WASHINGTON-- From politicians to regular Americans, most gathered here Thursday for the annual Conservative Political Action Conference in Washington, D.C. had something to say about President Obama's proposal requiring all employers to offer health insurance plans that include free birth control--including those who oppose contraception on religious grounds.
"This administration is assaulting the Catholic church," former presidential candidate and current Texas Gov. Rick Perry told the crowd gathered here at the Marriott Wardman Park hotel. "The Obama administration's war on faith must be defeated. We must win this war. We must protect this basic tenet of American freedom."
The opinion that Obama administration is trampling on the religious liberties of church-run hospitals, universities and charities was also espoused by sitting lawmakers at CPAC, including tea party favorite (and oft-mentioned vice presidential pick) Sen. Marco Rubio (R-Fla.) and Senate Minority Leader Mitch McConnell (R-Ky.).
"I don't know what the South African Constitution says about these things," Rubio said during his speech. "But I know what the U.S. Constitution says about it: what it says is that the federal government does not have the power to force religious organizations to pay for things that that organization thinks is wrong." The room erupted in applause.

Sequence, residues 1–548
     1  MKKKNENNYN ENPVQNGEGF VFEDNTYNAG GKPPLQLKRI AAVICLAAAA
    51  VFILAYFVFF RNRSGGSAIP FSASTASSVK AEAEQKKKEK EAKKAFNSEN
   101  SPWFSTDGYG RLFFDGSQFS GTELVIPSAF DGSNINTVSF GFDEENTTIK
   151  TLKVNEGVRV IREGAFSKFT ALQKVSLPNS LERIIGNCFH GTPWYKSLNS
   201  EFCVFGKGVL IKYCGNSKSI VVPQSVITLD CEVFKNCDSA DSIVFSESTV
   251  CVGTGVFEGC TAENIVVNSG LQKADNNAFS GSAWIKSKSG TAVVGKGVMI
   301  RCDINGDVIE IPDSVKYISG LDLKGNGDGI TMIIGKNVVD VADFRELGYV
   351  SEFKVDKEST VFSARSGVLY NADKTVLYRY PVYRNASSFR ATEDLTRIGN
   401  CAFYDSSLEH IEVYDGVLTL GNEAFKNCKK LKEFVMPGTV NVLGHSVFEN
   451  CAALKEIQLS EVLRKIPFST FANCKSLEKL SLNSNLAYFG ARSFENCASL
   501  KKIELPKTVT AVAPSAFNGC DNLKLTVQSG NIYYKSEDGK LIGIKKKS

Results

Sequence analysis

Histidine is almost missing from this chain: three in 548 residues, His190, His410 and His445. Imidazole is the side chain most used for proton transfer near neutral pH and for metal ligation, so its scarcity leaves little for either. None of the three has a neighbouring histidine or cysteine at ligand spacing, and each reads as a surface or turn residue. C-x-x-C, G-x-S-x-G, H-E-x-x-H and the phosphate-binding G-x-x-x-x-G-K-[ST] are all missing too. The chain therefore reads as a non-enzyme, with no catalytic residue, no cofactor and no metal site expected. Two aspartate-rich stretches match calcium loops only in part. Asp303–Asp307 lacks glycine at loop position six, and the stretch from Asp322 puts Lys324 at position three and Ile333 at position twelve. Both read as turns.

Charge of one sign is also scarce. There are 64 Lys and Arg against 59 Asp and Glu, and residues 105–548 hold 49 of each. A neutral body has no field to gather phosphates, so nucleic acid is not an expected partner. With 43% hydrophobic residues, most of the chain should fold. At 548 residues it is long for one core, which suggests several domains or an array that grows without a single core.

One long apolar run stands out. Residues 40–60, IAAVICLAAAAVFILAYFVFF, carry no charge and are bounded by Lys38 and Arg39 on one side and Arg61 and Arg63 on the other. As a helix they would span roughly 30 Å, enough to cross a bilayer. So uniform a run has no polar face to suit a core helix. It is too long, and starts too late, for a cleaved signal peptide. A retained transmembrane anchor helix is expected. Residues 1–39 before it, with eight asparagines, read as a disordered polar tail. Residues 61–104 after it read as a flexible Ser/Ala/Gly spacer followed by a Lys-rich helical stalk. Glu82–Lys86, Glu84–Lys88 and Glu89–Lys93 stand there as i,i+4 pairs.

"What this White House is now saying is that the federal government will impose a fine on Catholic institutions for no other reason than that the religious beliefs of Catholics happen to run counter to those of this specific president," McConnell said. He added that this is more than a "violation of conscience," the proposed fines could cost a university like Notre Dame "$10 million dollars a year."
But the proposal isn't just sparking fierce opposition on the Hill. Attendees Thursday--many of whom are students attending schools across the country-- told Yahoo News that they were already well-aware of the president's proposal when they arrived at the conference this morning and that they were angered by the news.
You can watch select attendees voice their opinions and feelings about the proposal in the video above.
But not everyone Thursday sought to play off of the issue as a potential motivator for the conservative crowd.
The contraception proposal was notably absent from former presidential candidate Michele Bachmann's speech. The socially conservative Minnesota congresswoman instead chose to solely focus her speech on foreign policy-- though she did generally call for audience members to stand up for their "beliefs" and for freedom.
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